Michael Shurkin
The Gifts of the German Jews: Toward a Postmodern Judaism, p. 5

4.    The search for tradition is itself a tradition

Beyond learning from the way the German-speaking Jewish modernists related to tradition, we can benefit from relating to them as a tradition in their own right. Where the Germans turned to the Eastern European Jews in search of a pre-modern authenticity, we can find in the German-speaking Jews an authentic tradition of Jewish modernity. Eisen himself is an excellent example of this recovery of the German modernist tradition. The last chapter of Rethinking Modern Judaism begins with (watch closely) Eisen telling the story of Gershom Scholem telling a Hasidic story about the value of telling stories. Eisen writes:

Gershom Scholem closed his landmark study of Jewish mysticism some fifty years ago with a story of the Baal Shem Tov…which Scholem saw as a parable for the current predicament of the Jews-indeed, for the contemporary religious situation more generally. The Baal Shem Tov, we are told, would go into the forest whenever faced with a difficult task. He would light a fire, say a prayer, "and what he had set out to perform was done." In the next generation, his disciple, the Maggid of Meseritz, could no longer light the fire, but he did know the place to go and the prayer to utter. The third generation could neither light the fire nor say the prayer, but it could still find the sacred place in the forest. All generations since cannot even do that. What then can they, can we, do? "We can tell the story of how it was done" and hope that, as the teller of this story (Scholem himself) assures us, our telling will have "the same effect as the actions of the other three."

In this dizzyingly recursive passage, Eisen is retelling a story of the retelling of a story of the retelling of a story. The layers of indirect discourse establish both a distance between the narrator (Eisen) and the Torah of the Baal Shem Tov as well as obscuring the distance between the reader and Scholem. Who is "we?" "We," of course, refers to us, to Eisen, to Scholem, and to the "generations since." Eisen is identifying here with Scholem to promote the German scholar's argument that it is acceptable to alter, reinvent, and renew tradition. Yet the two men are nonetheless telling two different stories and invoking two separate authorities. Scholem cites Eastern European tradition to make his point and validate his perspective; his story is about the "transformation of values" from one generation of Hasidim to the next. Eisen cites Scholem to endorse a particular way of being modern, to extend an air of authenticity to his own relationship with the Law.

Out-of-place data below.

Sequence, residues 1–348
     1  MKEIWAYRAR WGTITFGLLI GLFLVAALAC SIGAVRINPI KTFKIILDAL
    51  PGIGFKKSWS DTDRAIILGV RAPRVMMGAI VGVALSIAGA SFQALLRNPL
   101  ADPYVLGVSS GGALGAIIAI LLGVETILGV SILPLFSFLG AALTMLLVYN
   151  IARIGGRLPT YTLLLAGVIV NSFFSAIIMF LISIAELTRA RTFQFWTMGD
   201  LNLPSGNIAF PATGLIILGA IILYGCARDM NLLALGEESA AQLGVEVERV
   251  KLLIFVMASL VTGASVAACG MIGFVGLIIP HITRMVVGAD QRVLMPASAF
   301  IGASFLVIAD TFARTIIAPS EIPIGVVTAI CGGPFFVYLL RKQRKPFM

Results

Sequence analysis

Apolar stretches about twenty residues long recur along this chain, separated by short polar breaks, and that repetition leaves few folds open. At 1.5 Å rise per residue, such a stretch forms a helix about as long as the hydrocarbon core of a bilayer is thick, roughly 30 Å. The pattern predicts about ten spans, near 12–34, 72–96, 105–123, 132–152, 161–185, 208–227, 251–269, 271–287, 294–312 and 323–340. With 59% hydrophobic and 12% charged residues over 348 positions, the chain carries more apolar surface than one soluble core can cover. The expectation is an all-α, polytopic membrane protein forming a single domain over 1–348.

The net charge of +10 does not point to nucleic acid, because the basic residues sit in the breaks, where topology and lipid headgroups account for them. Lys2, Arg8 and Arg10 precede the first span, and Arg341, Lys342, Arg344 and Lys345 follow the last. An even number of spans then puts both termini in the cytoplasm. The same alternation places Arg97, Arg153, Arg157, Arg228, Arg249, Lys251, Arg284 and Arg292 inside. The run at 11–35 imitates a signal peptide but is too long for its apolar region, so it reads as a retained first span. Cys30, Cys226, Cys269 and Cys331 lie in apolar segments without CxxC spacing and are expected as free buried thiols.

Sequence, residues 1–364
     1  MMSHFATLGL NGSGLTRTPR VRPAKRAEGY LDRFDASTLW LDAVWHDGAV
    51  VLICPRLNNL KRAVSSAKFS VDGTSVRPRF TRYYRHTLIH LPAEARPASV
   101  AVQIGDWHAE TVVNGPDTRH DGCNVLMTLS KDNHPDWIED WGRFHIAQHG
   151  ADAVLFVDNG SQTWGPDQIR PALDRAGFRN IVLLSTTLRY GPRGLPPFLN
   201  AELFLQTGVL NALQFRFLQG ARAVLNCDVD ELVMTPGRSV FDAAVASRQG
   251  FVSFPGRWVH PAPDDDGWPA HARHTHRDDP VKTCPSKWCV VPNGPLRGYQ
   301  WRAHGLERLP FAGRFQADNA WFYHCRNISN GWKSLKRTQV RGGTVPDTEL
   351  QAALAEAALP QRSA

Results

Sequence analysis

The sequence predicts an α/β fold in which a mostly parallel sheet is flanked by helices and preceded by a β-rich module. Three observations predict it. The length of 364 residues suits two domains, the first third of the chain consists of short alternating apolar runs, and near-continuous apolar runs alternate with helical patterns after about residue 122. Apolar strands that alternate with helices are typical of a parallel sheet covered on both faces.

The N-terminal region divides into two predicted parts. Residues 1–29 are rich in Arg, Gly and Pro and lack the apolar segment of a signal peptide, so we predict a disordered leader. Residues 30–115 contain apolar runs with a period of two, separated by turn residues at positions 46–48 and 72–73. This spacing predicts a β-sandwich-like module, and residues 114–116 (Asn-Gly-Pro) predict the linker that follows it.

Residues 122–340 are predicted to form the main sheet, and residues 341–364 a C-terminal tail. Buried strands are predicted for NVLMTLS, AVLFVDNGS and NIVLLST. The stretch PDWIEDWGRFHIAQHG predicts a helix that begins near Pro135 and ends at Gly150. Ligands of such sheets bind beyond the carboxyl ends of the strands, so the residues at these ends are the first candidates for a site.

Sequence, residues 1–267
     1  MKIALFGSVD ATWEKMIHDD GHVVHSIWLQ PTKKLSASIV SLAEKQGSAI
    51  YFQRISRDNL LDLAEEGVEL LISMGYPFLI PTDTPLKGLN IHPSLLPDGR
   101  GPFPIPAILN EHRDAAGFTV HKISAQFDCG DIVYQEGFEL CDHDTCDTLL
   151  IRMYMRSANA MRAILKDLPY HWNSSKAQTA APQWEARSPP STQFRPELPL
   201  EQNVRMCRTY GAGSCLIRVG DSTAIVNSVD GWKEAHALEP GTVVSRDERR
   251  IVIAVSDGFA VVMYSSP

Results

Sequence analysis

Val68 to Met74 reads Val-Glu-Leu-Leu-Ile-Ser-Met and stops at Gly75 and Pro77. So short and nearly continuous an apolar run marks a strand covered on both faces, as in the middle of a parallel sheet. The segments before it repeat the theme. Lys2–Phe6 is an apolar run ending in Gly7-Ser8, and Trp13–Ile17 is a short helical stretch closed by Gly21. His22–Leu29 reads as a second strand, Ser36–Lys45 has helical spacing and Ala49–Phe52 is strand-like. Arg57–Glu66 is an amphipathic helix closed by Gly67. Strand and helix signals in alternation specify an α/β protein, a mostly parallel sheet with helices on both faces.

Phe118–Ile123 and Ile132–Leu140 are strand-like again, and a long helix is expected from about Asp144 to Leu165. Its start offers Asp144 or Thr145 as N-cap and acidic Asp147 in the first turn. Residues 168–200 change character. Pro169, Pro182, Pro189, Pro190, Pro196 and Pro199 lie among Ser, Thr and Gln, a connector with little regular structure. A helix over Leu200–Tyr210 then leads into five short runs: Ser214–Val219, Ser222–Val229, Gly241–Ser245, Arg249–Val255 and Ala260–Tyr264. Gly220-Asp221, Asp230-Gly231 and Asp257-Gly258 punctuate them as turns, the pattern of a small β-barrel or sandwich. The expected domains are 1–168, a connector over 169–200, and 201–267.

There is among the German-speaking Jewish modernists a sincerity and an earnestness that I find refreshing, particularly in light of the my own rabbis' attempts to represent their traditions as "really" authentic. The modernists knew that we could never just click our heels three times like Dorothy and return to the innocence of pre-modern piety. Nor were they just making excuses for themselves, for their views did not in fact prevent them from practicing as much or as little Jewish ritual as they wanted. Thus while Scholem plumbed the depths of Jewish tradition without actually practicing any of it, Rosenzweig was increasingly rigorous in his observance. But what they all shared was a desire to find a non-blindered way to Judaism and to be enriched by the process. They were also confident that if we were willing to open our minds, exposure to Jewish traditions would affect us for the better. And they were willing to be destablized by their engagement with tradition; they knew that the search might alter the searcher. Thus Kafka gave the following instructions to an audience of German-speaking Jews before a Yiddish theater performance:

Stay still and suddenly you will find yourselves in the midst of Yiddish (Jargon). And as soon as the Yiddish has moved you-and Yiddish is everything, word, Hasidic melody, the very nature of these Eastern Jewish actors-then you will no longer be able to return to your earlier peace. Then you will feel the unity of Yiddish so strongly that you will no longer be afraid of Yiddish but of yourselves.

[1]       [2]       [3]       [4]       5
Image: The Scholems

Michael Shurkin is an editor of Zeek Magazine.

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